Thinking about selling

Selling is an interesting problem that many investors have… When things are not profitable, cutting your losses can be hard. When things are incredibly profitable, selling too early and missing out can be hard. So how the heck can anyone ever make a good decision to “sell”?

This is complex for selling any investment – publicly traded, privately held, commodities, you name it making a decision to sell an investment is a hard decision to make. This is one of the biggest things that haunt value investors, growth investors, and speculators alike. Waiting too long to sell and selling too early can mean missing out on a lot of profits! Personally I’ve mis-timed this a lot in the past and have missed out on huge opportunities.

Mauboussin would tell you that you may think your decision to buy (based on great logic) may be poorly influenced by bad luck and your great decision may look incredibly stupid. Does that mean you should sell though? Will that luck continue to be bad and the great investment you bought continue to perform poorly?

What about investments that do great? If you bought into Facebook when they were private and owned them through the IPO (I didn’t btw) – should you sell now or should you continue to hold based on the idea that the base they built as a private company is only going to get stronger? Investors in Google who continued to hold are continuing to do incredibly well.

Some of my favorite quotes on selling…

Value investors should completely exit a security by the time it reaches full value; owning overvalued securities is the realm of speculators. —Seth Klarman, The Baupost Group

Selling for me is rarely about pure valuation. The really good ones are too hard to find – you don’t want to part with them lightly. Life experience tells me that if you sell something at $50 and tell yourself you’ll get back in if it goes back down to $35, it will go down to $35.01 and the next time you have a serious look it will be at $300. That hurts. —Chuck Akre, Akre Capital

The market encourages all kinds of anchoring. The price at which you bought a stock is very vivid in your mind, but in reality you’d be much better off if immediately after the purchase you forgot the price you paid. We also ascribe importance to 52-week highs and lows, but why that? It would make as much sense to look at the highs and lows over 70 weeks, or 40 weeks. —Adam Weiss, Scout Capital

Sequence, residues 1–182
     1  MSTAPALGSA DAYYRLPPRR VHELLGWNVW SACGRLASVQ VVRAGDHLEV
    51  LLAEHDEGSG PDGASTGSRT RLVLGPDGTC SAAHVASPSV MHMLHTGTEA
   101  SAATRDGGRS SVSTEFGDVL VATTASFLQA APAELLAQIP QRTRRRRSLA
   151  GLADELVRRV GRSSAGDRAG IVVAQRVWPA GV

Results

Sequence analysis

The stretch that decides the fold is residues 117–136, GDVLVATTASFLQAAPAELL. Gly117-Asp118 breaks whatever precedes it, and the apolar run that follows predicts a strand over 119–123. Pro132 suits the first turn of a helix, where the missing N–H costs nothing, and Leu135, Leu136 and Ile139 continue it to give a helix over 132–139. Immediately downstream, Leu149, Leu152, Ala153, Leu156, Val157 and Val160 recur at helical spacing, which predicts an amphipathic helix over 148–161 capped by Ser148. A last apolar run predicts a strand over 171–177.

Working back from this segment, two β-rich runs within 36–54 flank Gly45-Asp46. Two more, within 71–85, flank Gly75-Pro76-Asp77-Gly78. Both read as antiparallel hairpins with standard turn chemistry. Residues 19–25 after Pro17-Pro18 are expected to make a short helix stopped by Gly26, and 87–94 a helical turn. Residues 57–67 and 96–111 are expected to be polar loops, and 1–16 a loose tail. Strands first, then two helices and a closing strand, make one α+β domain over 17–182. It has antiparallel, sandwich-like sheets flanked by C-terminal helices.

Warren Buffett talks about a company’s value moving through innovation, imitation and then idiocy phases. We’re most comfortable in the early stages when we think we’re kind of writing the intellectual property. That’s not to say there’s not a lot of money to be made in the imitation and even idiocy phases, but it’s not our native
ground. If we’re saying the same thing as the consensus and something is no longer misunderstood, chances are we’re selling.  —Dan Ariely, Duke University

These are all great, but it doesn’t really make the decision easier. Deciding when to sell really depends on why you bought in the first place. Did you buy a public security with a target in mind? Was that target a revenue/growth target or a price target? Was the price target based on a mispricing in the market or an anticipated new pricing in the market?

What about private investments – did you buy with a timeframe in mind, a milestone, or just a plan to hold onto it forever?

  • If you bought with a price target (regardless of how you arrived at the price target) – wait until the investment is near that target – 80%-120% of the target.
  • If you bought with a growth target and no price target – sell when the growth is achieved regardless of how much the market appreciates the growth.
  • If you bought with a timeline target – sell on the timeline, sticking to this is important.
  • If you bought with a milestone target – hit the milestones and get out.
  • If you bought to hold it forever… well you should still sell if you have a better opportunity to put your capital to work elsewhere. Remember the Cost of Capital is truly the anticipated value of your second best idea. So if investment #1 is performing just ‘ok’ but ends up being your second best idea, you should probably sell and invest in your best idea if you don’t have other other capital to invest.

Investing is a science and an art, but there isn’t a lot of room for overly emotional attachments that cloud good judgement. I like to use covered calls to force rigor in my long term publicly traded investments and wish there was a way to do the same on my private investments.

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